• Seb: have you by any chance turned off UAC? I just discovered (thanks to a helpful user) that add-in registration fails when UAC is turned off. Although I will investigate and look into making this work, I strongly encourage you to enable UAC for your own protection. Anyway, let me know if it works when you enable UAC.

    You can enable it using the “User Accounts” control panel.

  • I’ve looked into the issue of running on Vista with UAC turned off. The problem is that WC add-ins are registered for the current user only and not globally on the computer. The advantage is that if you’re using UAC that you don’t have to elevate to register an add-in. It turns out however that if UAC is turned off and you are running as an administrator that Windows won’t load add-ins (COM servers) that were registered for the current user as it fears it might allow suspect code to run in an elevated context.
    All the more reason not to run as an administrator!
    Add-in registration is however performed by the add-in itself. For .NET add-ins I provide this automatically in WindowClippings.dll but for native add-ins it follows the standard COM registration model. For these reasons I’m reluctant to work around this problem (by registering globally for elevated users) and instead urge you to run with UAC enabled or as a normal user (non-admin).
    As a compromise I may just make this work for .NET add-ins since I control the registration process for those. This will allow users who choose to run as elevated administrators (with UAC turned off) to still register and use .NET add-ins.

  • Yep, you guessed correctly - I do have UAC disabled. I don't really want to turn it back on solely to get Window Clippings' Add-ins working, so I guess I'll leave the watermarking for now.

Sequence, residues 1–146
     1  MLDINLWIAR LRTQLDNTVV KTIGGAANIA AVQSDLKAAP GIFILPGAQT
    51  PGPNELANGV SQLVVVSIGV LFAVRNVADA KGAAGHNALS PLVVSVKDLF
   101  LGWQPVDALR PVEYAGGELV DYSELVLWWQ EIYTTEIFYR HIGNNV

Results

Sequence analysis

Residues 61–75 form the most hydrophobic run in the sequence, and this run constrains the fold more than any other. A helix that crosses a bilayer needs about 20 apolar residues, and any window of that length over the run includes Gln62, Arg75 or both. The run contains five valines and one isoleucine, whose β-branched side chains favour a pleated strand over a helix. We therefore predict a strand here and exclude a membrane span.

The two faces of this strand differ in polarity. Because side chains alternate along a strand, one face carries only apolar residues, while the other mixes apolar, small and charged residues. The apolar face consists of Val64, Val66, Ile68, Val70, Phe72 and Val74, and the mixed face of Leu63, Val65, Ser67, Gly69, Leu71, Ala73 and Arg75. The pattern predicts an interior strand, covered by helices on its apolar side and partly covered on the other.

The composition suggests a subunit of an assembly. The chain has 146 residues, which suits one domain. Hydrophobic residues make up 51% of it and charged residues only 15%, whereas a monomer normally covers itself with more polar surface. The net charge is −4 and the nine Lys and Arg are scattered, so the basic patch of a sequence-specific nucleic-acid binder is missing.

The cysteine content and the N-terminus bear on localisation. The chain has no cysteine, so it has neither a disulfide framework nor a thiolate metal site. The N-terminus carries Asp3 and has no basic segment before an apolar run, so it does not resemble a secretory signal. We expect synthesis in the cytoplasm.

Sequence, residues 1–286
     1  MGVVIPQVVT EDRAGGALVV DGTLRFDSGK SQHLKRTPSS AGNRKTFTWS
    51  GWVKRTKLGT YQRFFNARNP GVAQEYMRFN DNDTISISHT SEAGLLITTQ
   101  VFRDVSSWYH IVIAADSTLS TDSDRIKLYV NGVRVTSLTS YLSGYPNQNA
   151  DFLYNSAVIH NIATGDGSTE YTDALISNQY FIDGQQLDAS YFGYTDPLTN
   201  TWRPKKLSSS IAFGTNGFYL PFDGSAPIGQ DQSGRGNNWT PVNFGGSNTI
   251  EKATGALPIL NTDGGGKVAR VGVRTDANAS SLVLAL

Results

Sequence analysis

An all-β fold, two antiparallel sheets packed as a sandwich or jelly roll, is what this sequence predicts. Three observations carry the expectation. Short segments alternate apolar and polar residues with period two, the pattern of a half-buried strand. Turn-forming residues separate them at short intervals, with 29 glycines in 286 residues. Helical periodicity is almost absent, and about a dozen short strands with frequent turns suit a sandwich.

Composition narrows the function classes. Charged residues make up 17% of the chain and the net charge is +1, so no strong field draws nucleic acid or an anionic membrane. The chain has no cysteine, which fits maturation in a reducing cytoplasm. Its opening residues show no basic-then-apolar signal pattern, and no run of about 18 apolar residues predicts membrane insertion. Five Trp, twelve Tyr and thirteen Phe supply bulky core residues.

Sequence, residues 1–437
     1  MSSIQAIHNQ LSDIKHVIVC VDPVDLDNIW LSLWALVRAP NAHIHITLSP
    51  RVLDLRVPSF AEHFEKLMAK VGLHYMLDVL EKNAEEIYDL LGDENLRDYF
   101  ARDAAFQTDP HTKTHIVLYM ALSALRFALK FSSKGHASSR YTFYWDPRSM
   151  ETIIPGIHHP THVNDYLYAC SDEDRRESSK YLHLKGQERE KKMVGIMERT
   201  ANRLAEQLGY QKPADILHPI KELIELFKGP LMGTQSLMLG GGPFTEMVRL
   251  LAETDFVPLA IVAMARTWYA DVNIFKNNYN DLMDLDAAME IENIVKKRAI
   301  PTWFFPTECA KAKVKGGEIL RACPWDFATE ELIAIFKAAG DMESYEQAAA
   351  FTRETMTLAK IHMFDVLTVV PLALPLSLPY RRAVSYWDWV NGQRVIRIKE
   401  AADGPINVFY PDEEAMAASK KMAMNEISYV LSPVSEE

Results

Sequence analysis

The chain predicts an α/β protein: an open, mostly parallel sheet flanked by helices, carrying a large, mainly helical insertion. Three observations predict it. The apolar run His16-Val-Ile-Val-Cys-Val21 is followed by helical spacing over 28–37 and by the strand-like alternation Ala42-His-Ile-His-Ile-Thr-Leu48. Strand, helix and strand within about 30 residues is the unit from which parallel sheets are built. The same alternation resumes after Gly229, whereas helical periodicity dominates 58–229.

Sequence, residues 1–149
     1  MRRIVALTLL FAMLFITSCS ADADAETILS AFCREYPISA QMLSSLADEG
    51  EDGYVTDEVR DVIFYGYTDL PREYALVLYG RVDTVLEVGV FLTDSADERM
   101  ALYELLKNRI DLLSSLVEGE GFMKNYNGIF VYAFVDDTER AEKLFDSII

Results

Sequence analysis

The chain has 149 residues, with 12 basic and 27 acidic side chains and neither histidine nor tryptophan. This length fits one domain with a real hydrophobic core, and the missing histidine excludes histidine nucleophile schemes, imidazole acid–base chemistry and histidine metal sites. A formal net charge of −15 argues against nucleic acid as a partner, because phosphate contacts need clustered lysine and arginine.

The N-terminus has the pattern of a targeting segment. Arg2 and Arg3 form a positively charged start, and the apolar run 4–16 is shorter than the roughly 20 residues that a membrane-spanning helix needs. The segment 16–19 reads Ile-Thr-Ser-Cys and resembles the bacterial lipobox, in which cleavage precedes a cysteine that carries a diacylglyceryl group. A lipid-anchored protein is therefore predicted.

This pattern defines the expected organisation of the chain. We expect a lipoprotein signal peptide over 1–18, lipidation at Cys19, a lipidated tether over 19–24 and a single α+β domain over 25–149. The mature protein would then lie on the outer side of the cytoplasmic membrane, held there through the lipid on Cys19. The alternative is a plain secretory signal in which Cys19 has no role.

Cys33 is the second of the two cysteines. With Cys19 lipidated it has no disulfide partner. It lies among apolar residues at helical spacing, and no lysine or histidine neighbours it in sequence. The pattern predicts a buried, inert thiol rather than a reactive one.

• Seb: no problem. I’m working on the 2.1 release now and it supports add-in registration with UAC disabled. But then it also includes an “Add watermark” add-in as part of the core add-ins, among other things. Stay tuned!

  • Me again! I've noticed something else. There was a modal error message dialog box that I wanted to take a screenshot of to upload to a forum, so I thought I'd use Window Clippings so that it looks nice... :-) When I started Window Clippings up, the dialog box, appeared on top of the fuzzy selection screen (i.e. the modal message box was still in focus, and I could click OK to close it) which means that I couldn't select the window. I got around it by manually drawing a region around it, instead of just being able to select just the message box with a single click. Any else had this problem with "always on top" windows?

  • Seb: Some applications force themselves to the top. You should be able to “push it back” by clicking or right-clicking on the overlay screen thus giving the focus to Window Clippings. I have the odd workaround for some applications that don’t behave. If you give me more info on the app I can look at adding a compatibility shim for it. Feel free to email me: